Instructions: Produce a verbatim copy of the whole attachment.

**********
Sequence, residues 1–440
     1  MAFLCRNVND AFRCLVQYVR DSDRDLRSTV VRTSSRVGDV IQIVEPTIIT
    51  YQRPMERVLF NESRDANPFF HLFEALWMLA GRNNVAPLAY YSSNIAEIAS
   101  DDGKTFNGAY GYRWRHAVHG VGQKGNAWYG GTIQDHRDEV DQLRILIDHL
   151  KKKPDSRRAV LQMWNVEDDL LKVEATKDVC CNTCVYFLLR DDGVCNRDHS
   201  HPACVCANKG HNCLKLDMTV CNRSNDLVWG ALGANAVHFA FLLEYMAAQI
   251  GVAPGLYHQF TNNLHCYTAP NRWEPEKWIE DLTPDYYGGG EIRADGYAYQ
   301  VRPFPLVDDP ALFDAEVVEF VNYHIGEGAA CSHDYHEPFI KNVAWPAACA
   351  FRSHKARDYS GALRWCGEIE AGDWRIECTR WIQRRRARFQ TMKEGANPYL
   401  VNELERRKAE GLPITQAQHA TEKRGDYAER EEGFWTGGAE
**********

Sequence, residues 1–440
     1  MAFLCRNVND AFRCLVQYVR DSDRDLRSTV VRTSSRVGDV IQIVEPTIIT
    51  YQRPMERVLF NESRDANPFF HLFEALWMLA GRNNVAPLAY YSSNIAEIAS
   101  DDGKTFNGAY GYRWRHAVHG VGQKGNAWYG GTIQDHRDEV DQLRILIDHL
   151  KKKPDSRRAV LQMWNVEDDL LKVEATKDVC CNTCVYFLLR DDGVCNRDHS
   201  HPACVCANKG HNCLKLDMTV CNRSNDLVWG ALGANAVHFA FLLEYMAAQI
   251  GVAPGLYHQF TNNLHCYTAP NRWEPEKWIE DLTPDYYGGG EIRADGYAYQ
   301  VRPFPLVDDP ALFDAEVVEF VNYHIGEGAA CSHDYHEPFI KNVAWPAACA
   351  FRSHKARDYS GALRWCGEIE AGDWRIECTR WIQRRRARFQ TMKEGANPYL
   401  VNELERRKAE GLPITQAQHA TEKRGDYAER EEGFWTGGAE